The KA350 King Air is a twin-engine turbo-prop aircraft based at RAAF Base, Sale, and is used extensively for training of Air Force Mission Aircrew and Navy Aviation Warfare Officers.
To better prepare each pilot for flight they have to pass a unique test involving aircraft faults. These faults are known as Foreign Object Damage (FOD) and simulate real world situations such as flat tyres, oil leaks, wasp nest in fuel drain hole, or an open petrol cap. RAAF needed new training solutions with minimal disruptions to their general operations.
A Virtual Reality (VR) training simulation was proposed using a combination of 3D scanning and photogrammetry technology.
Engaging with WYSIWYG 3D, realistic digital twins were created that captured the colours and textures for a virtual world.
A combination of handheld and terrestrial scanners, as well as using 360° array of high resolution digital cameras, each aircraft fault was physically recreated so it could be photographed and scanned.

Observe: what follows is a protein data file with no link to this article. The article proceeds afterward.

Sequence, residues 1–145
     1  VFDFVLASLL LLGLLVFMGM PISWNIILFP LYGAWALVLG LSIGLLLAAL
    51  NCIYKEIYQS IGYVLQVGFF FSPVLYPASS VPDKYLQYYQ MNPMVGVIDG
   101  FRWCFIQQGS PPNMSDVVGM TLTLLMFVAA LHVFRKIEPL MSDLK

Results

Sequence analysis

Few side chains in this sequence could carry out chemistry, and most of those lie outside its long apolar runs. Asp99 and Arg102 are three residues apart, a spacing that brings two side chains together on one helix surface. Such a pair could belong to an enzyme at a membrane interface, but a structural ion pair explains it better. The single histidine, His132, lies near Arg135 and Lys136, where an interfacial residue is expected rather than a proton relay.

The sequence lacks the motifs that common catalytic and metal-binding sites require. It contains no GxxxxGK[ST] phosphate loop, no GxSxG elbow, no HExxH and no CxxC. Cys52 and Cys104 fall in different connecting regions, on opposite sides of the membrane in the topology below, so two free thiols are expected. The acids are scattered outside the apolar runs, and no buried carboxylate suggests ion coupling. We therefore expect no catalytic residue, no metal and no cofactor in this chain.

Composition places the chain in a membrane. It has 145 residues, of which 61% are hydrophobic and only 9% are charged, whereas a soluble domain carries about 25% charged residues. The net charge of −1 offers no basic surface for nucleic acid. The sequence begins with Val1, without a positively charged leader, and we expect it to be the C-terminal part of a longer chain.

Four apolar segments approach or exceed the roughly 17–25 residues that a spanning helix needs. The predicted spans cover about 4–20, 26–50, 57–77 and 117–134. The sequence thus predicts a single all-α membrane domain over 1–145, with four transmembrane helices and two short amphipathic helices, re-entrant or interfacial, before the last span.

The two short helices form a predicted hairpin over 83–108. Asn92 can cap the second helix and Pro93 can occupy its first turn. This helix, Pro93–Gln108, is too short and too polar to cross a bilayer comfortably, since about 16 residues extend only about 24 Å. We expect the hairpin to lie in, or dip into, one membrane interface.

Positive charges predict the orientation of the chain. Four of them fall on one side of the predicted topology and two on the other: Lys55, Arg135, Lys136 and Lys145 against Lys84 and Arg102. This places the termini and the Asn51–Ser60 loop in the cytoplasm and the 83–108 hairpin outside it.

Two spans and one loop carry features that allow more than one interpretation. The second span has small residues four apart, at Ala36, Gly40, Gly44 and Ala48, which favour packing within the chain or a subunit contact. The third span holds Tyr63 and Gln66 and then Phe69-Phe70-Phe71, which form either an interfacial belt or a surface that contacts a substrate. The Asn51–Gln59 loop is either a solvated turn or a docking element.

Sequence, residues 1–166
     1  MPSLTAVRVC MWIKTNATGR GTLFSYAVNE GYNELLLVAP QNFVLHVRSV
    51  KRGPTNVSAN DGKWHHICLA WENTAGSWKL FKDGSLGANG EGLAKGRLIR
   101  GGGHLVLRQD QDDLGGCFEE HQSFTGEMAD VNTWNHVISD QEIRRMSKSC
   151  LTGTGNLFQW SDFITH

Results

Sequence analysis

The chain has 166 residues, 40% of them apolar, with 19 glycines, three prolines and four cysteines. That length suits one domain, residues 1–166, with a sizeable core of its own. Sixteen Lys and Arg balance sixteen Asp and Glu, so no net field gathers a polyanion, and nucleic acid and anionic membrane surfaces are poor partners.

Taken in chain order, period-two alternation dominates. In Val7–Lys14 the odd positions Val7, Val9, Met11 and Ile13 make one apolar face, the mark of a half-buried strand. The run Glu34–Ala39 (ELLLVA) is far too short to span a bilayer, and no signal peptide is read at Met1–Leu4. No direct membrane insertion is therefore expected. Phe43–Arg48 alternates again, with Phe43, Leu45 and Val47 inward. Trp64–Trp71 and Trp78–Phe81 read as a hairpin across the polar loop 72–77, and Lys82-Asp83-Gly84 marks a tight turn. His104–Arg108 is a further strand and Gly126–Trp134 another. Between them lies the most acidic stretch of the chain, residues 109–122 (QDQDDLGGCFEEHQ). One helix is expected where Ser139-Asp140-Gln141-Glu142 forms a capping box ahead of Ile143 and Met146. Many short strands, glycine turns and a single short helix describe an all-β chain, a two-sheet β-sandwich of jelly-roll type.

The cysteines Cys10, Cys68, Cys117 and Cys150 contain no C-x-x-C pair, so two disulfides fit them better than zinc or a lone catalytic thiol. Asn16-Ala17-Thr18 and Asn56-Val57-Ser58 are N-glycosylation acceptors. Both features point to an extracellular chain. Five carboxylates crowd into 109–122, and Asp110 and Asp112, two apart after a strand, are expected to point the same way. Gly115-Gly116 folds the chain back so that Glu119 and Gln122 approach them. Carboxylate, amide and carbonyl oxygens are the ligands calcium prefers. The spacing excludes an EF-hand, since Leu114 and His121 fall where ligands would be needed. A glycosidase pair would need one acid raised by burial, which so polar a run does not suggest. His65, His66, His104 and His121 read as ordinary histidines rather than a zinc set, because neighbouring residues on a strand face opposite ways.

To achieve optimum results, our photographers captured thousands of photos at night using professional lighting to minimise shadowing effects. Within five days, our scanner operators obtained the necessary data, which was then processed back at WYSIWYG 3D’s facility so the aircraft geometries could be rebuilt as full colour 3D digital (computer) models.
The data collected by WYSIWYG 3D enabled the KA350 digital twin aircraft to be integrate into the Euclideon 3D VR platform.
Wearing VR glasses, pilots can interact with the digital plane, allowing the tester to select different scenarios the pilot has to overcome. RAAF has 700 pilots and each pilot needs 24 weeks of training to qualify. A VR training solution helps ensure pilots are properly trained in aircraft maintenance to minimise disruptions caused by aircraft on ground (AOG).